Horses’ conceptual heart resides in three iconographic songs that together attempt to “work through” the legacy of the Sixties. Featuring Tom Verlaine’s aching peals of lead guitar, “Break It Up” is like a lustrous chip off the Marquee Moon block. Lyrically, it’s based on a Smith dream in which she saw Jim Morrison trapped in marble, literally petrified by having been turned into an icon. She exhorts him to smash through the stone and let his spirit fly free (presumably to irrigate and renew rock, like "The Wasteland"'s Fisher King). “Elegie,” the original album’s closer, is a straightforward lament for Hendrix. In between “Break” and “Elegie” comes the stunning song-suite “Land,” which is haunted by both dead Jimmys. “Horses,” the first section, nods to “Horse Latitudes”, The Doors’ pioneering exercise in rock-poetry-meets-studio-weirdness. “Land of A Thousand Dances” invokes rock’n’roll’s early dance crazes, implicitly connecting the teenage frenzy of the Watusi to the mystic delirium of voodoo trance-dancers, whirling dervishes and ecstastic Protestant cults like the Shakers. With its nebulous texture-waft and multi-tracked whispers, the suite’s final section “La Mer (de)” pays oblique tribute to to Hendrix’s oceanic “1983, A Merman I Should Turn To Be”.

“Land” is the most radical piece of music on Horses. But the album’s emotional core deals not with Smith’s rock family tree of godstar ancestors but with her actual real-world folks. A slightly shaky take on reggae, “Redondo Beach” conveys the mounting despair of someone who’s literally lost their lover (on a crowded beach). The song’s real-world inspiration was the disappearance of Smiths’ sister Linda after the pair had a row. “Kimberley” is a tender recollection of her other sister, whom Smith cuddled as a newborn while watching a blazing barn. Most touching of all is “Free Money”, based in her experience of growing up poor in New Jersey and memories of her mother fantasising about winning the lottery. “Oh baby, it would mean so much to me,” yearns Smith, as visions of life without restriction or want dance before her eyes. Kaye’s frantic double-time rhythm chords escalate the urgency and Smith starts percussively incanting images of abundance and freedom, propelling the song in an irresistible rush towards climax. Horses’s most moving song (emotionally and physically), "Free Money" is also the most conventional. And its subject matter--New Jersey working stiffs dreaming of escape--helps explain Smith’s later convergence with Springsteen-style all-American populism, which reached fruition with the Bruce-penned smash “Because the Night”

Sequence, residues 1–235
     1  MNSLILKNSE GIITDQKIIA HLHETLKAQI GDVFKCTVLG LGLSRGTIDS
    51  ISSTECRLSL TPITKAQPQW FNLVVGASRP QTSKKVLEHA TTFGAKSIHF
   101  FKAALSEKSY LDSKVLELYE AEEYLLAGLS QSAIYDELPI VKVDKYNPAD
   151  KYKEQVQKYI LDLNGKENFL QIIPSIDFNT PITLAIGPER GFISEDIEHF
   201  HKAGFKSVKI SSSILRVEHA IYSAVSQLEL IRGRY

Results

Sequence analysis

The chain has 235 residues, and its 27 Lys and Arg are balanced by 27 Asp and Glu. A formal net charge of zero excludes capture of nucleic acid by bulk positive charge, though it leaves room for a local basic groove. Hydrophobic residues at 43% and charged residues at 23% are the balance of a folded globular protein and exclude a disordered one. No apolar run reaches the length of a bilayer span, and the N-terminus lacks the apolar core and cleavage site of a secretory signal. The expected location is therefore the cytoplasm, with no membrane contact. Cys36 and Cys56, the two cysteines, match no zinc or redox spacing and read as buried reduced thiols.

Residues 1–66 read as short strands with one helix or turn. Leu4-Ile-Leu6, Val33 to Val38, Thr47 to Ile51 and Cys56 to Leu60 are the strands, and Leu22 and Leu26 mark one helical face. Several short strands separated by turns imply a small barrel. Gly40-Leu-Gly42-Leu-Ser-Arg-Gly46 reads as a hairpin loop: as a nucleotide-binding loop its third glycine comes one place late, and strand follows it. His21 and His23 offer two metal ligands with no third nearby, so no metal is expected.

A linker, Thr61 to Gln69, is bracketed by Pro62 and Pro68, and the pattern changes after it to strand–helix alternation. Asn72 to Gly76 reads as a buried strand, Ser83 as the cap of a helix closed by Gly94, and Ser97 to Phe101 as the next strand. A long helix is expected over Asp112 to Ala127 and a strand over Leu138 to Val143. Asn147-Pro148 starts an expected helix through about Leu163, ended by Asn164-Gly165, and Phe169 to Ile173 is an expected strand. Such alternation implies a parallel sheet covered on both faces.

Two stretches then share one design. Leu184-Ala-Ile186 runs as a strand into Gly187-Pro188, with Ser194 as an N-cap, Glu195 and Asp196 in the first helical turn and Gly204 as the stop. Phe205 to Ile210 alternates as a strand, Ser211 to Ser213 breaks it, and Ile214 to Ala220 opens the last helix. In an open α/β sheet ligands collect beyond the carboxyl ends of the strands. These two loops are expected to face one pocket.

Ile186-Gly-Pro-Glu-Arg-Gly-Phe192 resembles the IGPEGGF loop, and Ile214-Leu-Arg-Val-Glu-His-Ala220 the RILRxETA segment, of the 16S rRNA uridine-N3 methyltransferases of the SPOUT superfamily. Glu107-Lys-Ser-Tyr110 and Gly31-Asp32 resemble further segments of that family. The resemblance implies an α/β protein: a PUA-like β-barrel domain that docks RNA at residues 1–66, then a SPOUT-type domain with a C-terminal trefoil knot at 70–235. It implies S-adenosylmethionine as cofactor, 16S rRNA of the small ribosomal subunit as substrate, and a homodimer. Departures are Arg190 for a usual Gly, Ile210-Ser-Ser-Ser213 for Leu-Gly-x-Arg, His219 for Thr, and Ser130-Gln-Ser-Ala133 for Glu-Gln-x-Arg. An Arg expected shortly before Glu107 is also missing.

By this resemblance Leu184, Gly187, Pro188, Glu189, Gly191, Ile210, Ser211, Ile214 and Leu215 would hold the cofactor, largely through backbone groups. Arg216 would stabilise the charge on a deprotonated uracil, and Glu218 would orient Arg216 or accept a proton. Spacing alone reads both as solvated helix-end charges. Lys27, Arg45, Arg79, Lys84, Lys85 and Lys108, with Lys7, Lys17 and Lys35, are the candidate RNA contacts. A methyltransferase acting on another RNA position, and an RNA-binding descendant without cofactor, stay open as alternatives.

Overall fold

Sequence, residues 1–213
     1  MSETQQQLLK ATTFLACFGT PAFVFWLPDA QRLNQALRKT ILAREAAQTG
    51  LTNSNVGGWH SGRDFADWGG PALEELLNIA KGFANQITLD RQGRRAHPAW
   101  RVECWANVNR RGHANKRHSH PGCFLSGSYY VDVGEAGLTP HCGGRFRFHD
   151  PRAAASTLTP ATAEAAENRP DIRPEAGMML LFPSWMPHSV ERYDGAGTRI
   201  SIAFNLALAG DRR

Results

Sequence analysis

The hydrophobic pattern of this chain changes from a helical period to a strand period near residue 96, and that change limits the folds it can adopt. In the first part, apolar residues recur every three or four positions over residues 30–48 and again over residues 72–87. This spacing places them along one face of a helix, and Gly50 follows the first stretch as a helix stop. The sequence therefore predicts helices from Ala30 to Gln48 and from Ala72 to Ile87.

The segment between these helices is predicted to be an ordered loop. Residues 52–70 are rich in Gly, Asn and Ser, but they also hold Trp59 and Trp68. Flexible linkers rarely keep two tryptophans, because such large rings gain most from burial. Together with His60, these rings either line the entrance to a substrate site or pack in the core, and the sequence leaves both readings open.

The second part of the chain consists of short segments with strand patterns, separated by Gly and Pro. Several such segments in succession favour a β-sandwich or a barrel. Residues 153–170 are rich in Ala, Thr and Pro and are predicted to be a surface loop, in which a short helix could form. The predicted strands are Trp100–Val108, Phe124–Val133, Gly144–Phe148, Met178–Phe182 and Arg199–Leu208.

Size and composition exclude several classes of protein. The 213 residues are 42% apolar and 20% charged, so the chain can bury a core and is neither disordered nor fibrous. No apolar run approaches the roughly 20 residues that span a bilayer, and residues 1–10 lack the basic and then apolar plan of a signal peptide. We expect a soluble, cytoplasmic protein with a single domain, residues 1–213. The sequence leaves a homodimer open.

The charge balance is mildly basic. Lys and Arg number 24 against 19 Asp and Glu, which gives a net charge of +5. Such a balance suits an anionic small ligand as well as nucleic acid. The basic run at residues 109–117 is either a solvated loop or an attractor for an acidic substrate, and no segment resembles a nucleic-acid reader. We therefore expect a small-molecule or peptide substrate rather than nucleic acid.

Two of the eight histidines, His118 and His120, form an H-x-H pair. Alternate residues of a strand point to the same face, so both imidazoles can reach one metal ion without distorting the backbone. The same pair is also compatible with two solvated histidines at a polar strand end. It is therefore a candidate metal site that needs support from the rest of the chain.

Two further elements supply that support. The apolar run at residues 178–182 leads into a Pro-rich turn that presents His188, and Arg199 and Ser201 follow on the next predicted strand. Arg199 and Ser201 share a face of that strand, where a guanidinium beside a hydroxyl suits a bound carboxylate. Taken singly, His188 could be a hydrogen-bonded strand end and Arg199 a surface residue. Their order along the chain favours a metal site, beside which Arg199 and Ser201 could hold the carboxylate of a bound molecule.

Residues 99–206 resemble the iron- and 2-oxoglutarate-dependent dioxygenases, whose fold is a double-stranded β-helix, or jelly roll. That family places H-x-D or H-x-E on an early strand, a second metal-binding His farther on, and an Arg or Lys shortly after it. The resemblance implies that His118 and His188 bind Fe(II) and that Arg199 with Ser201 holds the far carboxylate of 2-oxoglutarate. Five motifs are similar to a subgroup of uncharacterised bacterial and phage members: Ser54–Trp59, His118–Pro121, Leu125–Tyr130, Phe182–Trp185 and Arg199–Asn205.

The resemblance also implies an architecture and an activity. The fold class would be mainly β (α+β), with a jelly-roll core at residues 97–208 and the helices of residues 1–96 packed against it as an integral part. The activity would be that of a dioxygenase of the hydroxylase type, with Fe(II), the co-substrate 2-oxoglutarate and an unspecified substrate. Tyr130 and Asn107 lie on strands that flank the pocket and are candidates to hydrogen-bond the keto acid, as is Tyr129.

And then there’s the Horses live remake… As much as one deplores the industry trend of repackaging everybody's favourites in order to induce you to purchase things you already own, it must be conceded that this re-rendition from last year’s Smith-curated Meltdown festival often surpasses in ferocity the somewhat clean-and-tidy sounding studio original. Strangely, the improvised guitarnoise plus freeform poetry epic “Birdland” is reproduced with disconcerting exactness. But the 17 minute take on “Land” clocks in at twice the original length and includes radically expanded and revised lyrics, although it does detour into an annoyingly redundant, if rampant-sounding, reprise of of “Gloria”. “My Generation” is also torched excitingly. At song’s end Smith doesn’t repeat the original “we created it” rallying call, but adapts it for a musical present that's way more bereft and rudderless than 1975 (whose denizens didn’t know they were born, honestly, did they?). “My generation, we had dreams, we had dreams, man… and we fucking created George Bush,” she roars--the logic shaky, the passion loud and clear. “New generations, rise up… take the streets. Make change. The world is yours. Change it, change it.”



Religion is a huge thread running through your work, figuring both as a source of imagery (the album Easter, for instance) and in the larger sense of rock itself as a belief system, a crusade.